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Florida Car Accidents And Driver Distraction

February 10, 2009

Most people think nothing of getting into their car and automatically reaching for their cell phone. They (hopefully) fasten their seat belt, put the car in ‘drive’, and speed off while simultaneously dialing their cell phone or even texting a message to someone. The next time you are waiting at an intersection, count the number of cars that pass you with a driver holding a cell phone to their ear – you’ll be amazed. While having this technology is great for the stranded motorist or for someone who is safely pulled off on the side of the road phoning for directions, using a cell phone, programming a GPS, using a laptop or other gadget while operating a motor vehicle is distracting and extremely dangerous. In fact, driver distraction is one of the top causes of car accidents in Florida and across the U.S.

Did you know that, across the country, someone will die in a car accident every 12 minutes? Were you aware that, every 14 seconds across the county, someone is injured in an auto accident? When statistics tell you that about 25% of these accidents are directly related to driver distraction, you can see how many lives could be saved if people strictly concentrated on the road. About 2,600 deaths and 12,000 serious injuries per year nationwide are attributed to using a cell phone while driving, according to statistics from the National Safety Council.  The Council’s research indicates the use of a cell phone while driving increases the likelihood of an accident fourfold. A legislative bill was recently introduced in Florida which would ban the use of a cell phone for talking or texting, while driving.  The bill is known as "Heather’s Law," after Heather Hurd, a 27-year-old woman who was killed in Orlando in January 2008, when the vehicle she was traveling in was hit by a tractor-trailer.  It is suspected that the driver of the truck, who was charged with careless driving, was using some kind of handheld communication device.

If you are driving while distracted, your reaction rate is decreased by about 20 percent. This means you are going to take 20 percent longer to realize there is impending danger and either brake or swerve to avoid it. When you figure a car averaging about 40 m.p.h. will travel 164 feet from brake application to full stop including driver reaction time (about 1.5 seconds), it means the car traveled 88 feet before the driver even realized there was a problem and applied the brakes. Now, think about that same driver talking on a cell phone – it would take him or her an additional 33 feet of travel before they stopped for the danger – which means they are likely going to come through the back end of your car.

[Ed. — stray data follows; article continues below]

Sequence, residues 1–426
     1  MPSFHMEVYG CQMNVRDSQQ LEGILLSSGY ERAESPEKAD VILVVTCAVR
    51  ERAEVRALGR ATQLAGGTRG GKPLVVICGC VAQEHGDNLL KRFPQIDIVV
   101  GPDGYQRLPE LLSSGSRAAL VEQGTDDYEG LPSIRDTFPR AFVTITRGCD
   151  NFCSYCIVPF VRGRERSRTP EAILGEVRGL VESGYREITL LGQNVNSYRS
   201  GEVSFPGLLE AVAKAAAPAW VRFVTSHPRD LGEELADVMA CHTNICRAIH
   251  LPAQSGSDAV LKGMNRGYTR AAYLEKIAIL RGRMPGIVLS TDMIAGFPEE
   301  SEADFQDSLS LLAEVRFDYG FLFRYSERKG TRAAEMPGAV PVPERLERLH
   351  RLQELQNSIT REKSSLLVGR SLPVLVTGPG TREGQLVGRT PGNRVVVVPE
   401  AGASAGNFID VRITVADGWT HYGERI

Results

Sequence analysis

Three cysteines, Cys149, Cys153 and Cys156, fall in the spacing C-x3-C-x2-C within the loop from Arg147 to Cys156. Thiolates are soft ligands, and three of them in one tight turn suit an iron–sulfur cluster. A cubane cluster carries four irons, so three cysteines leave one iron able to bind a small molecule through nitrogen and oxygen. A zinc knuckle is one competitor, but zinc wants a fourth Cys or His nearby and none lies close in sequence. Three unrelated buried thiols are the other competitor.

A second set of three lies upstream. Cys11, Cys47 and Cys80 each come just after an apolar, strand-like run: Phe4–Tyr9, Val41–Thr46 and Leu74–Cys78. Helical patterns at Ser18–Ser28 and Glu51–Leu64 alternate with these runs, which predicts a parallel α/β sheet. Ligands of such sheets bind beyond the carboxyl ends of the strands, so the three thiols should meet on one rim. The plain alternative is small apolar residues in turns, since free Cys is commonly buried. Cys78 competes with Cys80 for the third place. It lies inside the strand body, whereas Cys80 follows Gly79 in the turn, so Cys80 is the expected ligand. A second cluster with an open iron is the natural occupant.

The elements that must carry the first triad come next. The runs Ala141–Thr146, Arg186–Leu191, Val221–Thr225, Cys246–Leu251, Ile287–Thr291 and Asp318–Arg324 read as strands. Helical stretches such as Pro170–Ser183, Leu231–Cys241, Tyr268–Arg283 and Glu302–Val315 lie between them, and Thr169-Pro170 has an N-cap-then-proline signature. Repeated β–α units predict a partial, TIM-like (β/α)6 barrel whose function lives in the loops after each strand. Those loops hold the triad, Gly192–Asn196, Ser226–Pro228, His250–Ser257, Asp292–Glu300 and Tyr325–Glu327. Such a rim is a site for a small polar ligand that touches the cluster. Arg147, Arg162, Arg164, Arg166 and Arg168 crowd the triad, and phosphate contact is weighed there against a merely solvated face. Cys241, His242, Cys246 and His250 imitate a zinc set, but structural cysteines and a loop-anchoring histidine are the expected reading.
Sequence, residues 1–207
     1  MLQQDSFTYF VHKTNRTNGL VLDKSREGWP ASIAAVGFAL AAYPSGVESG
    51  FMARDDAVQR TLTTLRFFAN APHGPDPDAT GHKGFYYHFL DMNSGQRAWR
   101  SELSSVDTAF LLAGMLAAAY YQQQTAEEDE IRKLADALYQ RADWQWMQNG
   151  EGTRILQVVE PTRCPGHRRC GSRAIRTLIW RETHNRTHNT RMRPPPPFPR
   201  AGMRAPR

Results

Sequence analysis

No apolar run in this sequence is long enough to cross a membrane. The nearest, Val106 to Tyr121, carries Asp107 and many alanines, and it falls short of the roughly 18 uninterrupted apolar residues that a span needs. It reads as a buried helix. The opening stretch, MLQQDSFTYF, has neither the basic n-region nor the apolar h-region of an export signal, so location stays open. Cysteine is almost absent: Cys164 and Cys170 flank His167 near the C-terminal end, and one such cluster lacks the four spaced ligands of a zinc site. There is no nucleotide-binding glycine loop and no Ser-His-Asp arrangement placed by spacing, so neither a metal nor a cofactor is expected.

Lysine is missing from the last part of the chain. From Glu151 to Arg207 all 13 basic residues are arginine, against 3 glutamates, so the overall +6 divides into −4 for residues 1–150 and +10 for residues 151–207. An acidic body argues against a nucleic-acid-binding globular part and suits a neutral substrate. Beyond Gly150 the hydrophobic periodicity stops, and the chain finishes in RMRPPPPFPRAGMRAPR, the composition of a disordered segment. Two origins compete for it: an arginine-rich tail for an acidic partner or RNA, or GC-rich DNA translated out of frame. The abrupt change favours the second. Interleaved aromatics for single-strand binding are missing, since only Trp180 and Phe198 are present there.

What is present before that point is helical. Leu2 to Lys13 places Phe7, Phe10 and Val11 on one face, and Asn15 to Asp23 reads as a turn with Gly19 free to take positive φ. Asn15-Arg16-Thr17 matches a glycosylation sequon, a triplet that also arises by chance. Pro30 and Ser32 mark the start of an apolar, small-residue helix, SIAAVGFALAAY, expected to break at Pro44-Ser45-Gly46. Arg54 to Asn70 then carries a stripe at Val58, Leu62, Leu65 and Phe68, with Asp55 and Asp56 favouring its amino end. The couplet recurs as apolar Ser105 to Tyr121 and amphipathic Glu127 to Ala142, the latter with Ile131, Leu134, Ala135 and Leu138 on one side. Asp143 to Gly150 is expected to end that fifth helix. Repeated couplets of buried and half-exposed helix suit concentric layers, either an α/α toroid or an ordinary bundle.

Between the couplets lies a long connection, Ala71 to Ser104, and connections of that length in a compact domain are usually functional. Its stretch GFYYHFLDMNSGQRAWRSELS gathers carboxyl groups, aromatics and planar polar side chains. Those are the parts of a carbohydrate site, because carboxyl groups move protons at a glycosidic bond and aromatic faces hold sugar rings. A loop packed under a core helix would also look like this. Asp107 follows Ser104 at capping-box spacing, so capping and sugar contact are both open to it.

So, what can you do to avoid Florida car accidents caused by driver distraction?

  • Pull over to the side of the road to talk or text on a cell phone.
  • Don’t eat while driving.
  • Don’t apply make-up or shave while driving.
  • Don’t read while driving (this applies to reading a road map, too! Pull over if you are looking for directions).
  • Don’t send text messages.
  • Sit upright, with both hands on the wheel. If you are in an accident, airbags and the metal framing protection that is built into the vehicle isn’t going to help as much if you are slouching.
  • Confine your pet to the back seat or passenger seat. Pets don’t hold up as well as people in an accident because they instantly become projectiles in an impact.
  • Don’t watch movies on those portable DVD players.
  • Save the flossing for the times when traffic is stopped.
  • If you listen to music, either use the radio or put the CD player on shuffle so you don’t get distracted while changing CD’s.

As long as there are drivers in Florida, there will be Florida car accidents. People come from all over the country to enjoy the warm weather, beautiful beaches, and sunny skies. But, this means tourists will be trying to read road maps while driving, teens will be texting friends while driving, and commuters will be trying to groom and eat on their way in to work. They will be distracted so you should be doubly vigilant. Remember that your car is a 2,000 pound object hurtling through space and it just takes 3 seconds of inattention to cause a crash. Don’t be a statistic.

For more information about Florida car accidents, contact the Florida auto accident lawyers at Joseph M. Maus, P.A.at 1-866-556-5529 or email them today.

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